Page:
CRISP was founded in 2012 by Professor William Webster (University of Stirling), Professor Kirstie Ball (University of St Andrews) and Professor Charles Raab (University of Edinburgh) as its Directors. It is an interdisciplinary centre bringing together expertise from across the social sciences, the arts, humanities, information sciences, and other relevant fields. As individuals, the Directors began in the 1990s or earlier to work on information, surveillance and privacy issues, which were then at the margins of the social sciences and public policy. Since then, changes in the national and international political climate, in information technology, as well as in business and government practices resulted in a widespread increase in the use of surveillance techniques by powerful organizations. A resulting increase in the concern of funders, policymakers and practitioners about the ethical, social and political consequences of ‘the surveillance society’, and of the use of information, has given rise to a diverse international community of scholars now studying these subjects.
CRISP is at the heart of this community, with its members having received funding from the European 7th Framework Programme, the COST network, the Engineering and Physical Sciences Research Council, the Economic and Social Research Council and the Leverhulme Trust, among others. They have also advised the UK’s Information Commissioner, the House of Commons Home Affairs Select Committee and the House of Lords Constitution Committee, as well as a number of local authorities and other public agencies on questions relating to information, surveillance and privacy.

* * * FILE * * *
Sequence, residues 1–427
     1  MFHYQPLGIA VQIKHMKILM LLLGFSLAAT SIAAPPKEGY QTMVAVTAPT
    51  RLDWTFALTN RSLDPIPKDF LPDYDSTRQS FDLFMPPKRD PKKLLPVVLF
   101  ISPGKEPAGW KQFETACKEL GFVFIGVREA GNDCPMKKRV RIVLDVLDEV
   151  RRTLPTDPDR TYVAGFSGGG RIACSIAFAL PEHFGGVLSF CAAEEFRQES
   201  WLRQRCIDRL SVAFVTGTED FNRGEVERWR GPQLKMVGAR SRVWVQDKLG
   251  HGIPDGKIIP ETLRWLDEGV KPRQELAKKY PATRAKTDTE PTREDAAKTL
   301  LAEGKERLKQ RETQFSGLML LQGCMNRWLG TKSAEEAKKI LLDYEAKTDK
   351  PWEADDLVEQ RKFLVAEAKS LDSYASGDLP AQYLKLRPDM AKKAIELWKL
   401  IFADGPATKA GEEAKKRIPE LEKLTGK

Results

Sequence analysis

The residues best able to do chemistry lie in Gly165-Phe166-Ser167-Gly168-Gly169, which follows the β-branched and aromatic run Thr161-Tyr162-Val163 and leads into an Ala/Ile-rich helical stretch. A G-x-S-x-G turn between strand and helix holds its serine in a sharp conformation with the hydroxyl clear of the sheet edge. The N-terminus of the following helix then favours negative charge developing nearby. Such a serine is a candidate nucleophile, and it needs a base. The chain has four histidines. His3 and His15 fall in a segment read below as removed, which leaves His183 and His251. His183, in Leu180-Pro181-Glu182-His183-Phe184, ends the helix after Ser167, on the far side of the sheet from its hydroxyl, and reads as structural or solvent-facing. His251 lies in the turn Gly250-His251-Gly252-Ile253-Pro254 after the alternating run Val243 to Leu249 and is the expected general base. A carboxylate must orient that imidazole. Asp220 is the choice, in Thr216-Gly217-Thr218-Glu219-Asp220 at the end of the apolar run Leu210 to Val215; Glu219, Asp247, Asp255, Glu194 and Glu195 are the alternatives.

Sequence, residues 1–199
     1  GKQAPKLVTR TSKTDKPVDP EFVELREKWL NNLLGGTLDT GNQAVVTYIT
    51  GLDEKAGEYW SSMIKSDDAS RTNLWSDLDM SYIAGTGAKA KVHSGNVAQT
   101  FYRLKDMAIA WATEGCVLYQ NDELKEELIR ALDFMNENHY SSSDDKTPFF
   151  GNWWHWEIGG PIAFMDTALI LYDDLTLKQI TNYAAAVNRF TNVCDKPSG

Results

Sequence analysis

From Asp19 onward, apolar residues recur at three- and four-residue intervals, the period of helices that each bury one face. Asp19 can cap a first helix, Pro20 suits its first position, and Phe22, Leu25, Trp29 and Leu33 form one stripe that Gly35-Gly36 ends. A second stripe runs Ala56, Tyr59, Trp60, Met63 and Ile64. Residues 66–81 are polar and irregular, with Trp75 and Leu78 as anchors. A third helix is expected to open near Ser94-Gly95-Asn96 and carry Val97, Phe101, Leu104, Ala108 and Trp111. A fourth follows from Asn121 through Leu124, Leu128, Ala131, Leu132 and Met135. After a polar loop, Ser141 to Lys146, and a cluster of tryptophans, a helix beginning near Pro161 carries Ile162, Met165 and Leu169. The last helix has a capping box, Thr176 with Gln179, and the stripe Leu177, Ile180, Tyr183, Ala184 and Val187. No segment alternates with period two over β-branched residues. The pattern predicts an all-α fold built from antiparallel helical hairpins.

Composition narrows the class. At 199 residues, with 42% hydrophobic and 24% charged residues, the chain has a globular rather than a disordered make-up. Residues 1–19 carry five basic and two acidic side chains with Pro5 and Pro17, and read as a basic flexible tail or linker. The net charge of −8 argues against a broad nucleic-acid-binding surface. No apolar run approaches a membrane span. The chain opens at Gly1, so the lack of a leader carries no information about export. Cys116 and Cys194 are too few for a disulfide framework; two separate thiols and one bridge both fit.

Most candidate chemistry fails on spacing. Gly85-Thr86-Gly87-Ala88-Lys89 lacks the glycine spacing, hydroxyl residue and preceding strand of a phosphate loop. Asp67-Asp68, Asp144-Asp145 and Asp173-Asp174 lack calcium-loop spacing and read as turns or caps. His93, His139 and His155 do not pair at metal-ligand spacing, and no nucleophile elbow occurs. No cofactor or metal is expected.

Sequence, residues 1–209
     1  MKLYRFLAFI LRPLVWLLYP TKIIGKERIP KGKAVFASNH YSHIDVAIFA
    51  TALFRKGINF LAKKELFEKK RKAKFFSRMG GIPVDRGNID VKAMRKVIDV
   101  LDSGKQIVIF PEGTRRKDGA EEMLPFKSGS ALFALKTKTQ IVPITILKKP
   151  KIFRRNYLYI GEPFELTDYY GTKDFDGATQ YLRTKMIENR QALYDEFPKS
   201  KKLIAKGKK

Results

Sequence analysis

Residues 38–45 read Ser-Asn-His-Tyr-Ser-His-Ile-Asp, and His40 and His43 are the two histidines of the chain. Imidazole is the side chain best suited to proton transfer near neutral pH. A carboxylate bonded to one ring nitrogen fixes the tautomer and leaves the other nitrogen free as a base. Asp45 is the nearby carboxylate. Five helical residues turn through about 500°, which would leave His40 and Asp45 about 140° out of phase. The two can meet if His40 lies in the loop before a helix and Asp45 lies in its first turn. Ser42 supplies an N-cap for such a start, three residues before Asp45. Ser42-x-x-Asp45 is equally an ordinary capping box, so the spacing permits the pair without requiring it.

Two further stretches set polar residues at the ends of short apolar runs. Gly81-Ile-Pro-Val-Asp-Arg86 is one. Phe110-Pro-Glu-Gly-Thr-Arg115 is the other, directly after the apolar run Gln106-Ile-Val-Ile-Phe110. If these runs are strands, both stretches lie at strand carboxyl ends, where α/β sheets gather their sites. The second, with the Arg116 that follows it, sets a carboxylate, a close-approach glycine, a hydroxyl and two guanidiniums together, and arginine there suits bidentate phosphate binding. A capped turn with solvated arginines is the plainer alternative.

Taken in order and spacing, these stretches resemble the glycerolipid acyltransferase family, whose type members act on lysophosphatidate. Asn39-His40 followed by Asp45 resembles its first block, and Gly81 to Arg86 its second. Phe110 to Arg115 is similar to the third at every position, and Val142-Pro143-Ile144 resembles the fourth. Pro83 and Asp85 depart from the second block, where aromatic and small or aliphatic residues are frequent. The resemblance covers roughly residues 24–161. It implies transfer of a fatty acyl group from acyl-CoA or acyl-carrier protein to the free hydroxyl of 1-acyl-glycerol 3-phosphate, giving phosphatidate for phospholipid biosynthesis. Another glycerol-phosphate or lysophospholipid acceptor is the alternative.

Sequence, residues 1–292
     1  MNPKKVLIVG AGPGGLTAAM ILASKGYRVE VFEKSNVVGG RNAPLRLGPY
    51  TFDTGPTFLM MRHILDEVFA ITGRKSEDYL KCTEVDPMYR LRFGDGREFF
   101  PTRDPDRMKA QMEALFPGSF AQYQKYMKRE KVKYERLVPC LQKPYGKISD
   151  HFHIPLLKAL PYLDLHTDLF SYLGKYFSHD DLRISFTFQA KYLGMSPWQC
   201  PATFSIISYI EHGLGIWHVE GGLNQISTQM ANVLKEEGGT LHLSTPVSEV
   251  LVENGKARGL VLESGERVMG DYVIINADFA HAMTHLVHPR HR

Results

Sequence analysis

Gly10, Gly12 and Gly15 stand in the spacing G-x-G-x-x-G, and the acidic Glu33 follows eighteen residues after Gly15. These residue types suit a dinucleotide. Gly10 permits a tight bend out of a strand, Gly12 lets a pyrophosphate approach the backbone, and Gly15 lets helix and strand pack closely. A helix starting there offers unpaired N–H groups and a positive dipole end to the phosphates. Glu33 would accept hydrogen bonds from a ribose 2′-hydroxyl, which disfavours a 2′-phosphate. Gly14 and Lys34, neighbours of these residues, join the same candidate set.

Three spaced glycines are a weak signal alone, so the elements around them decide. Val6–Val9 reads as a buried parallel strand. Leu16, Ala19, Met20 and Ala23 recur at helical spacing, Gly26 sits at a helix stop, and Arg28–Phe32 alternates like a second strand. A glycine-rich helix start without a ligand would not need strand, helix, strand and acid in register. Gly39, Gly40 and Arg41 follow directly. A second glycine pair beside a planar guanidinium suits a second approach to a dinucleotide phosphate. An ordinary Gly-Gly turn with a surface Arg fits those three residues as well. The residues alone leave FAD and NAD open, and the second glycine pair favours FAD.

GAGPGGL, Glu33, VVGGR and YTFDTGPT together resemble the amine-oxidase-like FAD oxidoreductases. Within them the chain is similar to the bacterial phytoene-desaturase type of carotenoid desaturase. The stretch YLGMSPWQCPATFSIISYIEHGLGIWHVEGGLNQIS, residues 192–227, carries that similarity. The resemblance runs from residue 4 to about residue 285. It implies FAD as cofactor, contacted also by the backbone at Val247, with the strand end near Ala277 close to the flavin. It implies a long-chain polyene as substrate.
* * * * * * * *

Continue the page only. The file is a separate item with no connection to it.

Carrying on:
CRISP’s core aim is to generate and disseminate new knowledge about ‘information, surveillance and privacy’. Specifically we aim to:
Current and recent projects include a study of the impact of surveillant national security regimes on private sector organizations, their customers, their employees, and the wider public; a study to design surveillance impact assessments; a study which examines the relationship between privacy and security, a study of the resilience of democracy in surveillance societies; and a research programme designed to facilitate academic research activity, networks and knowledge in this subject area.